Falling debt wasn’t the only reason for rising net worth, though — lots of assets also went up by a lot in value:
Looking at this table, we can see that housing was, of course, a big one. That’s incredibly unsurprising. Most of the U.S. middle class’ wealth is in the value of their homes, so when housing prices go up, so will middle-class wealth.
Retirement accounts also did pretty well. Bond wealth increased by quite a bit — by about $70k for the median bond-owning household, which is surprising given that interest rates went up (which drives bond prices down). What must have happened was that Americans saved so much money that their bond holdings increased in spite of the rate hikes. Which means that if and when rates go back down, wealth will get pumped up even more.
(Side note: Whether bonds actually represent net wealth for society is a complicated question; someone is on the hook for that liability. But that’s a topic for another day; from the perspective of a household, a bond is wealth.)
In fact, the increase in wealth despite interest rate hikes is an incredibly good sign. Remember that the value of any asset depends in part on the discount rate, which is how much you’d rather have a dollar today vs. a dollar tomorrow. When interest rates go up, the discount rate goes up, which means assets are worth less. Remember the big stock crash in late 2021 and early 2022? That was probably driven by rate hikes. Higher rates also lower the value of bonds and — most importantly — houses.
And yet despite the fact that rates went from around 0% to over 4% over the course of 2022, wealth still went up. That means this wealth boom is very different from the increases in earlier decades, when rates were relentlessly lowered. Remember how for all those years we heard that the Fed was “inflating” or “propping up” stocks and houses and bonds by lowering rates and doing quantitative easing? Well, 2022 was the exact opposite of that. And yet the wealth gains didn’t stall out.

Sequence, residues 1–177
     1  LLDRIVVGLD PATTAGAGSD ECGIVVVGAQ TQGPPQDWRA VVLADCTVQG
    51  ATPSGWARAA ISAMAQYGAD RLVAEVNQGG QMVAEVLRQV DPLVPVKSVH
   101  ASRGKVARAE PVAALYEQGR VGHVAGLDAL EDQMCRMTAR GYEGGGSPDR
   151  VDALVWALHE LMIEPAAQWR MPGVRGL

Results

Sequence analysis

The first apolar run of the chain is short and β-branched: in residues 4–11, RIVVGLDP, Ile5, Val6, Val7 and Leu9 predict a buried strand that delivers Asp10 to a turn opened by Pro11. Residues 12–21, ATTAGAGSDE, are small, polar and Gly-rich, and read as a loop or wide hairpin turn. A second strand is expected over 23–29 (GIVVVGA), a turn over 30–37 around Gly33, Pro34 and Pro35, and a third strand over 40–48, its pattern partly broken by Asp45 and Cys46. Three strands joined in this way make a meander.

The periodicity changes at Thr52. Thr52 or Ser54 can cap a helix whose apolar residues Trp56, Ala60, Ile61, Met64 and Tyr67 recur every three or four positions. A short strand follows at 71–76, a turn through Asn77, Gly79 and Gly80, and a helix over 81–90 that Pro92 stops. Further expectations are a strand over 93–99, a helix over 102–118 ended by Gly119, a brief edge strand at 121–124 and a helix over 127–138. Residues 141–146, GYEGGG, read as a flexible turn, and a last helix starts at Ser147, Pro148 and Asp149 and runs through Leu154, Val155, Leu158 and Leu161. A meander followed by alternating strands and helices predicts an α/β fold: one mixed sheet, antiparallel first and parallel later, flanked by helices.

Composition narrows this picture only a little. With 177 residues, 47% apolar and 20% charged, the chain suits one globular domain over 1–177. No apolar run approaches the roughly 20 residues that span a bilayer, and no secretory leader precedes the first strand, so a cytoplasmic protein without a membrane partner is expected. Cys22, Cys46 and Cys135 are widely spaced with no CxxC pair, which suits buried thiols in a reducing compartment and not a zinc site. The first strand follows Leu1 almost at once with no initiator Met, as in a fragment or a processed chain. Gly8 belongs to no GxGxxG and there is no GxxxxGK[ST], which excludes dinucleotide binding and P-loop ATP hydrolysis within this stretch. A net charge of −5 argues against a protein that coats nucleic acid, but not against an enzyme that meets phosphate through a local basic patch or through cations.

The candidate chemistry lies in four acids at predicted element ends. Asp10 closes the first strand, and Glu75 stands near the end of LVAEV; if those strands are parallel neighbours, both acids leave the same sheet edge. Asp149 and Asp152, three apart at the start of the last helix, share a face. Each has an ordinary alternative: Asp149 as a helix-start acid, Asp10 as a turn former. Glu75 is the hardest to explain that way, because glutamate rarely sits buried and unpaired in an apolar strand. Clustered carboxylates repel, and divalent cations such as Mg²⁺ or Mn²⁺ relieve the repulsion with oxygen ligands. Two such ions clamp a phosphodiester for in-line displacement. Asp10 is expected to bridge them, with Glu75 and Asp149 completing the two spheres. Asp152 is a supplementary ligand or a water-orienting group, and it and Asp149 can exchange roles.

That’s a great sign for the future, because it means that if and when rates go down, Americans’ wealth will rise by even more. House price increases, in particular, are pretty clearly being driven by factors other than interest rates — the shift to remote work being the biggest driver, but also the Millennial generation finally buying homes.
Now, one slight note of caution. A bit of the increase in wealth — about $8300 for the median household — came from an increase in the value of used cars. A lot of people question how much of the value of a used car is actually wealth, because if you sell your car, you’ll either have to take the bus, which is a much slower and worse experience, or use some very expensive service like Uber. (This is much less of a concern for houses than cars, because if you sell your house you can rent a really nice house instead.) So if you don’t think a car is wealth, then the median household’s gains were a little lower than the number I quoted above. But the basic story doesn’t change.
Oh, and by the way, there’s one more piece of good news as well. The SCF doesn’t just ask people about wealth, it also asks them about income. The Census Bureau’s numbers, which are the ones you usually see quoted in the media, say that real median household income went down by about 4.7% between 2019 and 2022. But the SCF finds that it went up by about 3% over that time period. I’m not sure why the discrepancy exists (I’ll check on it and get back to you), but the SCF is a very broad, detailed, careful survey, so I tend to trust it a little bit more here.
So anyway, the basic story here appears to be that Americans saved a lot of money since 2019, and the value of their houses and retirement accounts went up in spite of rate hikes. That’s great news, and it suggests that much of the pessimism Americans are feeling about their finances is really more about the general unrest in American society and the scary stuff on the news.
But it’s also worth noting that rising wealth does leave out one important group of people — the folks who are looking to buy into the system.
The subtle challenge of broad-based wealth
There’s something subtle about the notion of broad-based financial wealth in a society. Most people think of assets — stocks, housing, bonds, etc. — as something that you make money from by selling it to someone else. But how can this work at the level of a whole society? If everyone has some of the same assets — if everyone has a Vanguard retirement account, a house, etc. — then who can they sell those assets to? How do you make money selling something that everyone already has?